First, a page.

AFTER decades of stifling dissent and debate, Indonesian authorities are dabbling with a new political openness. Nudged by the democratic resurgence in Eastern Europe, Indonesians have begun asking out loud the country's most compelling political question: Who will succeed President Suharto?
Calls have spread in recent months for Suharto, who came to power in 1967, to step down when his term ends in two years. Those signals have the cautious blessings of the powerful military, elements of which hope to forestall political turmoil with some limited democratic change, observers say.
On Aug. 17, the eve of Indonesia's 45th anniversary of independence, 58 former Cabinet ministers, generals, political and religious leaders urged reform. ``Twenty-five years of General Suharto is enough,'' says Sumitro, a retired Army chief. ``It is time to trust the new generation.''
The issue is touchy in this vast, contentious archipelago, and cuts to the heart of a political system dominated by two presidents in 45 years. Suharto, formerly armed forces chief, took power following an aborted coup in 1965 and subsequent Army crackdown on the Communist Party of Indonesia (PKI), in which an estimated 250,000 people were killed. The turmoil lead to the downfall of Sukarno, the charismatic independence leader who was the country's first president.
Trying to hang on
Western and Indonesian political observers doubt that Suharto, who says he wants a sixth term and has ruled out major political change, will step aside easily. The government banned reports of last week's pro-democracy petition in the local press.
[According to Reuters, the government said over the weekend it was ending press censorship unless national security was at risk, but local editors received the news with some skepticism. ``Reporters are no longer restricted. They can write any news as long as it does not violate the code of ethics of the Indonesian Journalists' Association and national interests,'' Coordinating Minister for Politics and Security Sudomo said.]
Earlier this month, Suharto bolstered support in the Army by shifting the high command. He promoted several trusted officers including Maj. Gen. Wismoyo Arismunandar, his brother-in-law.
Analysts say no strong alternative has emerged in a political system built upon a single powerful and paternalistic leader. Suharto has gained support with policies which, after the trauma of the 1960s, produced years of relative stability and an economic boom.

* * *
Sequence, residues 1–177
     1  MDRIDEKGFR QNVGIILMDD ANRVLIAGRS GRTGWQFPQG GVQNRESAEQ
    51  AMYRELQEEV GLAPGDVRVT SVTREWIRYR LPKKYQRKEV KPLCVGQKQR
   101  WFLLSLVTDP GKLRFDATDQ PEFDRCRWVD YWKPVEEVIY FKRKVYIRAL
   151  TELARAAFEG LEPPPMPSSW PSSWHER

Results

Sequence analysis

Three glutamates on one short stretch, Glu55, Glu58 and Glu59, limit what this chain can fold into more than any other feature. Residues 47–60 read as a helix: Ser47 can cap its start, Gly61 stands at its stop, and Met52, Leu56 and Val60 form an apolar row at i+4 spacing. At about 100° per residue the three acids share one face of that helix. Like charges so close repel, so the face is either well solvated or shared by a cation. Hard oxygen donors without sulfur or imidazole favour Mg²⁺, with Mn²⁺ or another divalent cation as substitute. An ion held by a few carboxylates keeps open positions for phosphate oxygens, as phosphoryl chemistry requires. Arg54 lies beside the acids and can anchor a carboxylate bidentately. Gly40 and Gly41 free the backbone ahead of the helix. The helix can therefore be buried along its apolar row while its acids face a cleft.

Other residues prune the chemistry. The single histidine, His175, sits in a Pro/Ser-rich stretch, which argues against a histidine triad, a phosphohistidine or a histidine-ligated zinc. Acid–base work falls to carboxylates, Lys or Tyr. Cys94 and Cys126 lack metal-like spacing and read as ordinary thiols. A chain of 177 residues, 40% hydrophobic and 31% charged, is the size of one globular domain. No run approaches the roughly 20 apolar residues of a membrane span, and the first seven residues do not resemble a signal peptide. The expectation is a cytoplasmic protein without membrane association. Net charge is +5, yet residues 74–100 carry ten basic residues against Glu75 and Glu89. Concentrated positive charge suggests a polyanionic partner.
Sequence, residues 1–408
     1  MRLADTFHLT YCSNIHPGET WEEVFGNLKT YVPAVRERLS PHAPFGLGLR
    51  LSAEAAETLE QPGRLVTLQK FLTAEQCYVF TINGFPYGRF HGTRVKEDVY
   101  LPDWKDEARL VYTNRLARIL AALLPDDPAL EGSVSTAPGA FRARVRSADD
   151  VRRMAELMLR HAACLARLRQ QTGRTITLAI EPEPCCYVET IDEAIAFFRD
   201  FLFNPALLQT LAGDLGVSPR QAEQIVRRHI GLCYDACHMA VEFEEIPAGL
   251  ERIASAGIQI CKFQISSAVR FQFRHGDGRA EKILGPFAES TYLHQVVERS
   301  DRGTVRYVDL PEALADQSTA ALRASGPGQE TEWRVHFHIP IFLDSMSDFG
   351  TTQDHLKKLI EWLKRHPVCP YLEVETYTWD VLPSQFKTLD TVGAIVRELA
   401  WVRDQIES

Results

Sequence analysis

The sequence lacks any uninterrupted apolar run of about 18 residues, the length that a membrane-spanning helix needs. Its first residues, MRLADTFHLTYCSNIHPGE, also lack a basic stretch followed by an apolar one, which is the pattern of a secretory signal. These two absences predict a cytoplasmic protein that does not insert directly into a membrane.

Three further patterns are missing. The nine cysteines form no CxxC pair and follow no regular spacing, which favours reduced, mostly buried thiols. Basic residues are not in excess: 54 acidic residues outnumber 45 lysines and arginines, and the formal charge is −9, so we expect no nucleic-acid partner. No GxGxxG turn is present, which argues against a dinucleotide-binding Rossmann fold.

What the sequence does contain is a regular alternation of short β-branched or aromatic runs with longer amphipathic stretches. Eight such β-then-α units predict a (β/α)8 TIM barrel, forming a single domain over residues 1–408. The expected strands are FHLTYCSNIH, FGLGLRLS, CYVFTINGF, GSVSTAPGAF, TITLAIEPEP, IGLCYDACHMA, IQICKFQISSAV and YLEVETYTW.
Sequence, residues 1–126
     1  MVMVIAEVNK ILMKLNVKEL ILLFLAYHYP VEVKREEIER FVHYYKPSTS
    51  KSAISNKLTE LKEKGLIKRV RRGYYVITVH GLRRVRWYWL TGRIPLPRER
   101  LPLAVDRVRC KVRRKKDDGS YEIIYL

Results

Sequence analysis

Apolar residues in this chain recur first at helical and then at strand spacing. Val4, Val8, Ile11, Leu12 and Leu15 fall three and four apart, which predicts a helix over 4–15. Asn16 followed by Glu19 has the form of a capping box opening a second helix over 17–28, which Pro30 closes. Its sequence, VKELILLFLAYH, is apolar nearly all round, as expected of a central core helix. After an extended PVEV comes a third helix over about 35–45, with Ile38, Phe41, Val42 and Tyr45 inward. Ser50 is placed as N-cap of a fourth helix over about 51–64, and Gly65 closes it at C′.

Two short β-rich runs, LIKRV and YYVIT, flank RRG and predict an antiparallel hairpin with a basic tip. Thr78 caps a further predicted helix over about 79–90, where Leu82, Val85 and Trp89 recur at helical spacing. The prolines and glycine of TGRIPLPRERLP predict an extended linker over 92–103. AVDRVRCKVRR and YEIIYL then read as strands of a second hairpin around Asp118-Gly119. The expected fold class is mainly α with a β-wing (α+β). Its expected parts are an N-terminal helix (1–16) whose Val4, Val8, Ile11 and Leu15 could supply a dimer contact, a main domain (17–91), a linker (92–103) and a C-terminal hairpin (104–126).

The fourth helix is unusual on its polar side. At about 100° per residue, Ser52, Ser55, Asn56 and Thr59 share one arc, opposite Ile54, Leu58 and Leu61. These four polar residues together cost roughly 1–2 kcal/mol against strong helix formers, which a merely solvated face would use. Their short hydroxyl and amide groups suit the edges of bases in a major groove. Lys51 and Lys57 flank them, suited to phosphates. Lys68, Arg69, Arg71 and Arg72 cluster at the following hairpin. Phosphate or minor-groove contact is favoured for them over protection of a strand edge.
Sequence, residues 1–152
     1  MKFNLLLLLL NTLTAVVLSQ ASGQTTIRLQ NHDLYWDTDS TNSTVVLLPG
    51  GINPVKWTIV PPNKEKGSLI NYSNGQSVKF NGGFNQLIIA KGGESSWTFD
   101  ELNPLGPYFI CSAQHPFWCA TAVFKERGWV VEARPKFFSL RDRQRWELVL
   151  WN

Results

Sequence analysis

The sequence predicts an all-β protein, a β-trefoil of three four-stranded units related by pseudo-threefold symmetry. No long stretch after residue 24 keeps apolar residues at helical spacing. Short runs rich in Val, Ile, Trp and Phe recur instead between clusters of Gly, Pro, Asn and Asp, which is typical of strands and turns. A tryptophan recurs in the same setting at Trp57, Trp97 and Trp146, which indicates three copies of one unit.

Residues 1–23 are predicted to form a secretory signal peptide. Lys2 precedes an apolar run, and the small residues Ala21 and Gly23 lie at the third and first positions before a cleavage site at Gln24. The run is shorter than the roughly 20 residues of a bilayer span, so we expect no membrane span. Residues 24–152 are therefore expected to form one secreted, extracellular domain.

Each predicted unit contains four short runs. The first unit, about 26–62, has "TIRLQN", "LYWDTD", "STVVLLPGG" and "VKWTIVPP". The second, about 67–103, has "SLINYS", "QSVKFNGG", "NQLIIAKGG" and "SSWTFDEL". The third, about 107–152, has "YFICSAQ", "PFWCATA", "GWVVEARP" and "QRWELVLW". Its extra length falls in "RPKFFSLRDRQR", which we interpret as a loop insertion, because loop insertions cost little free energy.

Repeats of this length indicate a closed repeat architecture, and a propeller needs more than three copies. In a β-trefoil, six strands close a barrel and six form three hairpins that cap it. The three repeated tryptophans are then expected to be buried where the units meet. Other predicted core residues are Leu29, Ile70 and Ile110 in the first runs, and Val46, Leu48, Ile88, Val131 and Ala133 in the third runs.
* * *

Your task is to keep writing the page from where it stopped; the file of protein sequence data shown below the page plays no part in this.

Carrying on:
A sophisticated system of controls on the press and political activity has acted to check dissent. In this predominantly Muslim yet diverse country, the government has enforced a tenuous unity under pancasila, the state ideology which, among other things, stresses harmony and democracy by consensus. ``There are really no other strong voices ...,'' says a Western diplomat. ``Change will evolve gradually.''
Whoever is president, observers say, the armed forces retain the final say. The succession question is believed to have divided the military, which sees itself as the guiding hand behind any political change. Mentioned as candidates to replace Suharto are Major General Wismoyo and Try Sutrisno, the armed forces chief.
In recent months, influential officers have distanced themselves from Suharto and called for change. Gen. Edi Sudradjat, the Army chief, told an Indonesian newspaper that people wanted an end to ``the foot-stomping, father-knows-best leadership style.''
Harbingers of change
Although they still fear left-wing and religious extremism, military leaders have acknowledged the democratic resurgence worldwide and allowed more political latitude to avert sudden change, observers say.
``We don't want to see a situation like Manila. We don't want to face a Tiananmen Square,'' says Sumitro, the former Army chief. ``We don't want to see a political vacuum like in Eastern Europe.''
``This is a turning point,'' says a human rights activist. ``This is the dilemma of the military: How do you get rid of Suharto, preserve the economic boom, and open up civil rights without plunging into chaos?''
Still, political change is in the air, analysts say. The usually tame parliament is openly debating issues. The self-censored press is starting to discuss political controversies. The government has lifted a 1978 ban on university political activities.
In Jakarta, the capital, thousands of fans have attended recent pop music concerts that highlighted pro-democracy demands and criticized economic inequality. Satirical music, poetry, and theater are popular.
The new liveliness points to a growing political assertiveness among Indonesians, traditionally not known for challenging authority, social observers say.
``The middle-class Indonesian has a civil-service mentality. He doesn't want to take risks and has no initiative. This has retarded democratic development here,'' says Nugroho Kunjaraningrat, a noted anthropologist.
``It's only very recently that people have started to question, and that will be more conducive to democracy.''